Following Supreme Court petition: Israeli security guards to halt use of racial profiling to pull Arab passengers off public bus at hospital entrance

During Supreme Court hearing, Israeli authorities revealed official police procedure included checking passengers for 'suspicious indicators', which apparently included ethnic and racial indicators associated with Arabs.


Security guards will halt their practice of pulling Arab passengers off public buses at the entrance to a major Israeli medical center in the south of the country, following a 27 January 2020 Israeli Supreme Court hearing on a petition against the discriminatory and racially-motivated practice filed by Adalah – The Legal Center for Arab Minority Rights in Israel, the Association for Civil Rights in Israel, Physicians for Human Rights – Israel, and the Israel Religious Action Center’s Racism Crisis Center.


Security guards at Barzilay Medical Center in Ashkelon were stopping the public No. 18 buses at the entrance to the hospital and demanding that passengers with an “Arab appearance” present their identification cards. If the passengers were not citizens of Israel, they were forced to get off the bus and wait outside until the bus completed its route through the hospital grounds.


A security guard questioning an Arab passenger on the #18 bus at the entrance to Barzilay Medical Center in Ashkelon. (Video screengrab courtesy of ACRI)


The Supreme Court petition, filed when the discriminatory practice was revealed, argued that racial profiling based on Arab passengers’ ethnicity creates a degrading and insulting experience, and labels individuals as dangerous simply because of their national and ethnic identity.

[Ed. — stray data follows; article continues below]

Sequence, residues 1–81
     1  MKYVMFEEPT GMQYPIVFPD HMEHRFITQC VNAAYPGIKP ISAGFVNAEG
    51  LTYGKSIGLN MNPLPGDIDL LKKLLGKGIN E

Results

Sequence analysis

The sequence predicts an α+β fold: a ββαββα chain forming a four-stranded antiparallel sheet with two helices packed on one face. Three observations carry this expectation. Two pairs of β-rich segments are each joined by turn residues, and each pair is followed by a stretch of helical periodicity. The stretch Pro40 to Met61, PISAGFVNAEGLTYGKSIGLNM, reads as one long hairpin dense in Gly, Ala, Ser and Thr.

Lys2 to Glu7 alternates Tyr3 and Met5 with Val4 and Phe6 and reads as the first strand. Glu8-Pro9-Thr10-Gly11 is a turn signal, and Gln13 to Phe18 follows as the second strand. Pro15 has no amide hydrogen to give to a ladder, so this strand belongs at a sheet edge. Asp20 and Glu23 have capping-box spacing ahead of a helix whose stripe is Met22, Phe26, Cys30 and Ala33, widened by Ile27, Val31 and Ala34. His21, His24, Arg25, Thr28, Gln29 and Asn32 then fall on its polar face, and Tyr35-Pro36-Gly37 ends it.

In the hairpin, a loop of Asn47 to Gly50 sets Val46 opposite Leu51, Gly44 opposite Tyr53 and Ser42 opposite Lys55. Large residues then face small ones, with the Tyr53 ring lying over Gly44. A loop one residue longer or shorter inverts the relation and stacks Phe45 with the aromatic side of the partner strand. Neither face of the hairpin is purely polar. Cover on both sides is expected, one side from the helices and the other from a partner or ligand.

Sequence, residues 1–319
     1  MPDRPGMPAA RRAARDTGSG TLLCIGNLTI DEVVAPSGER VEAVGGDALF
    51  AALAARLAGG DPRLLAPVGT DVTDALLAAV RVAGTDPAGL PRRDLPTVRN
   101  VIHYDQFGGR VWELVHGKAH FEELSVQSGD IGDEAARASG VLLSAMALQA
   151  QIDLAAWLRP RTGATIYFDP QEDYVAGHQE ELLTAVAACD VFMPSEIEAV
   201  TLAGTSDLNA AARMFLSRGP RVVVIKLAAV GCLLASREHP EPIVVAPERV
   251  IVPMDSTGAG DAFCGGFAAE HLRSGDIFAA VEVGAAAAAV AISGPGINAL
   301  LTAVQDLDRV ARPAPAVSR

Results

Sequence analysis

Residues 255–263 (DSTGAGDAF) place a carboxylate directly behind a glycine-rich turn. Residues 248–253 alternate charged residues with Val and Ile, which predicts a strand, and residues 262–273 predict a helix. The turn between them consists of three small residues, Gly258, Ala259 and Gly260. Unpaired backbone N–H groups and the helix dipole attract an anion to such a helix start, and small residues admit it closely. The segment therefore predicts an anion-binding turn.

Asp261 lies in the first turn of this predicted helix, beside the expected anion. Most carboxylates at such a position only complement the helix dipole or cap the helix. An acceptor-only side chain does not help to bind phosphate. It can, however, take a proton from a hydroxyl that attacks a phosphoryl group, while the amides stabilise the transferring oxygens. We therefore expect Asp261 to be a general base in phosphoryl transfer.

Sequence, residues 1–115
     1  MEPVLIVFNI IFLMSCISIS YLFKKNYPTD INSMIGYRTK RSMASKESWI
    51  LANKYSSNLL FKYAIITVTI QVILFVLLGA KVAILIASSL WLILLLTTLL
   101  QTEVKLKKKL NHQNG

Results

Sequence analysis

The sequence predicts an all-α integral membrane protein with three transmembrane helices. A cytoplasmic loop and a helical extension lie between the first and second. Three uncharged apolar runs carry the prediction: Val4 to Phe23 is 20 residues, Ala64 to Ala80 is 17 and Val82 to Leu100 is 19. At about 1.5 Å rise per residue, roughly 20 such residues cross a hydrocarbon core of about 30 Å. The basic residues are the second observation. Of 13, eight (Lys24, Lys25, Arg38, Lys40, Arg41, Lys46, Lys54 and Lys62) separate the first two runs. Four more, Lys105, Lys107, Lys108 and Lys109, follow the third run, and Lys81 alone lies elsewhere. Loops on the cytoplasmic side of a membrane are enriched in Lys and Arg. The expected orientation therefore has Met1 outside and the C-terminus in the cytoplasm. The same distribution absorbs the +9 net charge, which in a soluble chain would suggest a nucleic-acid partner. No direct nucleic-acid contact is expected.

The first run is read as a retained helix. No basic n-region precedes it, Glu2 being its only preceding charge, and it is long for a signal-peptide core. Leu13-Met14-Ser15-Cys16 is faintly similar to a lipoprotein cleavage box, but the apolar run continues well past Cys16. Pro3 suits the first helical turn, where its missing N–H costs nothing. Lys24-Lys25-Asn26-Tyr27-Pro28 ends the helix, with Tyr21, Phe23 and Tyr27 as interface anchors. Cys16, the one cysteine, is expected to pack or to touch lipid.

A security guard questioning an Arab passenger on the #18 bus at the entrance to Barzilay Medical Center in Ashkelon. (Video screengrab courtesy of ACRI)


The Supreme Court justices, presided over by Chief Justice Esther Hayut, criticized the hospital's conduct.


"How did they create such a situation?" Justice Uzi Vogelman wondered during the hearing.


After Israeli state representatives presented the justices with an alternative confidential temporary procedure, Justice Hayut stated that "the suspicious indicator that caused the difficulties has been removed from the previous procedure" and the suspicious indicators are now "neutral."


Justice Hayut noted that the procedure did not specifically include the word "Arab", but there is more than an indication that the security guards' practice did include elements of racial profiling.


Adalah Attorney Sari Arraf and ACRI Attorney Anne Suciu issued a statement following the Supreme Court's decision:


"Alongside putting a halt to the specific practice conducted at Barzilay Hospital, the court is expected to consider secret procedures in order to confirm that racial profiling has ceased. The fight against profiling will continue so long as there are no definitive norms under which Israeli state authorities or any of their affiliates are permitted to differentiate between people according to their racial or ethnic origins."


Adalah Attorney Sari Arraf (center) at the Israeli Supreme Court hearing on the bus #18 case on 27 January 2020. (Photo by Adalah)


The Israeli Supreme Court has obligated state authorities to update them within 90 days regarding progress in formulating a permanent procedure that will not include racial profiling.


CLICK HERE to read the Supreme Court petition [Hebrew]

CLICK HERE to read the Supreme Court decision [Hebrew]


Case Citation: HCJ6097/19, Adalah et al. v. Barzilay Medical Center et al.